My Photo

Me In the Press

« Israel Project Propaganda Handbook exposed | Main | "Torture" and the NY Times »

July 12, 2009

TrackBack

TrackBack URL for this entry:
http://www.typepad.com/services/trackback/6a00d83420523653ef011571f97541970b

Listed below are links to weblogs that reference What the unrest in Iran is really all about:

Comments

Feed You can follow this conversation by subscribing to the comment feed for this post.

The "inexplicably quick vote count" is quite easily explained, but is unprecedented in Iran. As are many other evidences. They may not be hard-core proof, but they all add to the preponderance of the conclusion that the election was rigged. Picking up one of Pirouz's points, and maneuvering around it may not add, but will reduce, the strength of your blog.

[Cyrus Responds: Sorry but when you collect a lot of nothing, you still have nothing. In previous elections the vote was announced after 3 days. In this, after 1 day. This is the first time that the tallies were electronically sent to the interior ministry. Many other evidences?And I am not under a duty to respond to every alleged "point" in every rant posted in comments especially when it consists of bare assertions of opinion. If you don't like my blog, please hit the road.]

Well, I partly disagree with you on this. I am not sure where you are and how involved you have been with the people of Iran, but I known that many of my old university friends' and my brother's bodies are covered with signs of baton (beaten at the demonstrations), and my sister (who lives in the neighborhood of Enghelab Sq.) has helped many who escaped the anti-riot police. I don't think you have any better position to comment on their cause!

Well, I, like you, thought that Ahmadinejad is going to fight the corruption. I was wrong. He is more corrupt than any other figure in Iran. He has the backing of the basij and many of THE most influential clerics and officials.

If you still think of him as an anticorruptionist, you need to study his economic achievements!. You may also want to look at Iran's corruption index and compare it with past years. You may also want to look up how Mahsouli (his minister) has gathers his wealth in such a short period of time.

There are also some parts that I totally agree with: The fact that the exiled opposition is trying to hijack the post-election movement is very true. Those who called for boycotting the election, are now crying "where is my vote?", which is absolutely disgusting. This can easily suffocate the movement; directly (by disappointing the people who hate / don't like those oppositions) or indirectly (by giving the basijis an alibi to crush the demonstrations).

For ordinary Iranians, reform refers to social issues and everyday economic realities. The center of gravity for unrest is at the street level, not at the top of the power elite. The shuffling political factions referred to as reformers actually straddle this discontent, rather than effectively directing it. As for any exile groups, they are completely irrelevant.

So how has this extensive, low level unrest been explained by the governing political elite in Iran? They simply attribute it to a conspiracy by the Western powers. Meanwhile the social and economic grievances at the heart of the matter aren't even acknowledged.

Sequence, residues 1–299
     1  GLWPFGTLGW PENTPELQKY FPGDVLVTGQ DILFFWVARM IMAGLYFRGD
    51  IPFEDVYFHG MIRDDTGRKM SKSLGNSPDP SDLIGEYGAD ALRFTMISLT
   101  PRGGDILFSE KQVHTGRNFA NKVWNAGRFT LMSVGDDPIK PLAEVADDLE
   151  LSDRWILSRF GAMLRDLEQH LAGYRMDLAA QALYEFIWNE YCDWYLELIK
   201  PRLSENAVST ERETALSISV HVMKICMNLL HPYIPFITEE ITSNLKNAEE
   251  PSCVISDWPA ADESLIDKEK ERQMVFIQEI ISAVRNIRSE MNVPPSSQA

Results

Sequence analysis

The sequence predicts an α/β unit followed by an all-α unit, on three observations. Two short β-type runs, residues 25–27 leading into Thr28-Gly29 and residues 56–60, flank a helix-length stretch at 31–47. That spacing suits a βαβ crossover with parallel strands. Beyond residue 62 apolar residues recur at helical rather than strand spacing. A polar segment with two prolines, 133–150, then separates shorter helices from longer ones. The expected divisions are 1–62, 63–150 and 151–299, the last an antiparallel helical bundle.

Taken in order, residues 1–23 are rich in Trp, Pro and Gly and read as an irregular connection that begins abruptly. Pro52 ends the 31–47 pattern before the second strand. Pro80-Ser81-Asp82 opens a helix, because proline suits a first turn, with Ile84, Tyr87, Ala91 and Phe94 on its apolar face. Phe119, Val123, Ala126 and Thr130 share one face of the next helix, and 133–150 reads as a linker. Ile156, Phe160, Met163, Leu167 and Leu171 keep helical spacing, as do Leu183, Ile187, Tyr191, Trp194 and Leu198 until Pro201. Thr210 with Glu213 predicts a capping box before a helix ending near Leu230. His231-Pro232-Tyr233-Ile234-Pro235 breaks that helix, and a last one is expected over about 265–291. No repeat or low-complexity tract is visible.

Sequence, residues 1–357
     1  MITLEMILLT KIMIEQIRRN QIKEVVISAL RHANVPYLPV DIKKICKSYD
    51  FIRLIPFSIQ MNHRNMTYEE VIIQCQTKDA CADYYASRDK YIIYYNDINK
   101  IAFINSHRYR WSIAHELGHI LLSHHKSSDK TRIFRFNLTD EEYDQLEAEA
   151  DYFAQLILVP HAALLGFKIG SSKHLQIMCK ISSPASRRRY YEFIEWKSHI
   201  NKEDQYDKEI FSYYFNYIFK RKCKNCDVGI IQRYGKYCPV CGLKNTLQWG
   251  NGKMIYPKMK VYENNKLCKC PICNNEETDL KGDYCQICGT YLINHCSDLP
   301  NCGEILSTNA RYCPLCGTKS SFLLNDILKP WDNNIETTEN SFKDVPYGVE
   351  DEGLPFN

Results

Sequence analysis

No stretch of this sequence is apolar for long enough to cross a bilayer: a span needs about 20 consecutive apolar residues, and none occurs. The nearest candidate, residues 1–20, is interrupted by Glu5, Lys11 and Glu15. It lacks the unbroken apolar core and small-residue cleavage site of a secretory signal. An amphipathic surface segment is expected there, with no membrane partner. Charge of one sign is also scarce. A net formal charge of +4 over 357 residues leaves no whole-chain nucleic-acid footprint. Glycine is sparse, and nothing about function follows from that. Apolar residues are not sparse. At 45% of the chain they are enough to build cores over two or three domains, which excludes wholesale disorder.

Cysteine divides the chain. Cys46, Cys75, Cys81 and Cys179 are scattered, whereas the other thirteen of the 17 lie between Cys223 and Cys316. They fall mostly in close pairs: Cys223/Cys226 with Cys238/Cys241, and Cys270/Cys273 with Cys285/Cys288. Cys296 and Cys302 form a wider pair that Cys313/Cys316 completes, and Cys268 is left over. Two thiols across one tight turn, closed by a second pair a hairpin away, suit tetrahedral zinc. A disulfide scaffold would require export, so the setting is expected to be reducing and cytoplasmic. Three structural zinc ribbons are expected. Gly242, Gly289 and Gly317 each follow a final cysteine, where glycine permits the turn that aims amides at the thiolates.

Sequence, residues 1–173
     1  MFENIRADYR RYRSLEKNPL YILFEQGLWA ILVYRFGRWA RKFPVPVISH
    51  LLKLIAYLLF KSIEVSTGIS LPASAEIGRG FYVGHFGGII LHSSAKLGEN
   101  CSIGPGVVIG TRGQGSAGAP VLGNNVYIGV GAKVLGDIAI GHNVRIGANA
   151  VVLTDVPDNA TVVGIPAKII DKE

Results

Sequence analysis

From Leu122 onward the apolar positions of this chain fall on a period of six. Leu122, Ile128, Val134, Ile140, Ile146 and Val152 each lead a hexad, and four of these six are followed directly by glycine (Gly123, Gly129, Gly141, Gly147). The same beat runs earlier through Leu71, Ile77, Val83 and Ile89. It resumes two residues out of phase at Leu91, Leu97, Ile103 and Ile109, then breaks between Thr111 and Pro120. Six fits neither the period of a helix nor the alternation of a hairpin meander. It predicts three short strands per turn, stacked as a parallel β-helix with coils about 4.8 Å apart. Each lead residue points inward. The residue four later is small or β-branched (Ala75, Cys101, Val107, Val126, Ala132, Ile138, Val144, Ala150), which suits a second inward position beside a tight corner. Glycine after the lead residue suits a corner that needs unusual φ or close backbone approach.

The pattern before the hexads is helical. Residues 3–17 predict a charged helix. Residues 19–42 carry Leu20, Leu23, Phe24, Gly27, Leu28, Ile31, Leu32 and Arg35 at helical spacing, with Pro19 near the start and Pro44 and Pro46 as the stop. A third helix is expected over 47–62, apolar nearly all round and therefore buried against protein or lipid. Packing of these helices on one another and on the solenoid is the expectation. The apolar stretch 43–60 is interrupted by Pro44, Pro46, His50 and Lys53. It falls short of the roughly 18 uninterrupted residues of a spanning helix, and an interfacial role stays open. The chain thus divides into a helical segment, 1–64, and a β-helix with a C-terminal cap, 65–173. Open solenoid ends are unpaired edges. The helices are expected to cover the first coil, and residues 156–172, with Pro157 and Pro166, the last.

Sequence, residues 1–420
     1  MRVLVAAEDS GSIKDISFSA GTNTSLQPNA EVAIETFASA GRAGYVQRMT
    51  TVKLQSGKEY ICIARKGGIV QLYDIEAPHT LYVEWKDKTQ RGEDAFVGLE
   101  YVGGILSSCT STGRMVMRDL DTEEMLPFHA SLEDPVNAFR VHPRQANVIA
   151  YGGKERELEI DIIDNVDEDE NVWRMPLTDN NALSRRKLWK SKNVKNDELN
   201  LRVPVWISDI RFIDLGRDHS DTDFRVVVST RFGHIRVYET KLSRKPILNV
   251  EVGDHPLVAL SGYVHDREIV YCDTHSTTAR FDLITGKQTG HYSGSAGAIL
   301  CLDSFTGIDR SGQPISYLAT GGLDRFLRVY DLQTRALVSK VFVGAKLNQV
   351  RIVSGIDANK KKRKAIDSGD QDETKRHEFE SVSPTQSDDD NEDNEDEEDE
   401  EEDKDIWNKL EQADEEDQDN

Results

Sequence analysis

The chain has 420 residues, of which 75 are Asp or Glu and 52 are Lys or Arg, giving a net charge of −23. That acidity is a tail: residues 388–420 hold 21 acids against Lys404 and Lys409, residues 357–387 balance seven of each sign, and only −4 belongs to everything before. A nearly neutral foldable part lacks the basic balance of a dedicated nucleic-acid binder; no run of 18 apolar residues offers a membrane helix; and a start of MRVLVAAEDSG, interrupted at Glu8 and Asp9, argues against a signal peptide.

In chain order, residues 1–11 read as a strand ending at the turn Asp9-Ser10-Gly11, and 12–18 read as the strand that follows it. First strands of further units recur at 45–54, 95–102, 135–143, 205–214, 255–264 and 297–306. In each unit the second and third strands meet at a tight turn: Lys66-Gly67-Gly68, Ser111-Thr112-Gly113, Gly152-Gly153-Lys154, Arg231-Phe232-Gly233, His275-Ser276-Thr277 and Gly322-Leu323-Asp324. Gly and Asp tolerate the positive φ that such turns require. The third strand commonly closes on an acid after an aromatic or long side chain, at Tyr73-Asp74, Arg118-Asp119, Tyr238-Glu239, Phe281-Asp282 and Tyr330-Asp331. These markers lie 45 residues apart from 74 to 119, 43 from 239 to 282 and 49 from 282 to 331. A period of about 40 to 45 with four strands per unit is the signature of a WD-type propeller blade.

This blog's stated interest is in Iranian foreign policy and international affairs. Cyrus, do you accept the authoritative explanation that all of Iran's current internal dissent can be attributed to the mischievous role of Western powers? That is, after all, a question of international relations. Please explain how those hundreds of thousands, if not millions, of ordinary Iranian demonstrators were supposedly manipulated by the West into protesting against the mishandling of the recent presidential election.

Make no mistake, the mishandling of the presidential election has undermined the credibility of the republican nature of the nation. The inexplicably quick vote count, the election procedural changes put into effect, the severing of various forms of communication and mass media, the impartiality of the Supreme Leader, the absurdity of the authoritative explanation for the ensuing unrest, all constitute a gross mishandling of the election. So does the ill discipline and unprofessional character of the Basij.

Political struggle within Iran's power elite provides an explanation for the mishandling of the election itself, not what the unrest in Iran is really about. Crooke's analysis is aloof and does not take into consideration the day-to-day realities of ordinary discontented Iranians, who are now evident on a scale not seen since 1979.

[Cyrus Responds: the "inexplicably quick vote count" is quite easily explained. See previous entries.]

Verify your Comment

Previewing your Comment

This is only a preview. Your comment has not yet been posted.

Working...
Your comment could not be posted. Error type:
Your comment has been saved. Comments are moderated and will not appear until approved by the author. Post another comment

The letters and numbers you entered did not match the image. Please try again.

As a final step before posting your comment, enter the letters and numbers you see in the image below. This prevents automated programs from posting comments.

Having trouble reading this image? View an alternate.

Working...

Post a comment

Comments are moderated, and will not appear until the author has approved them.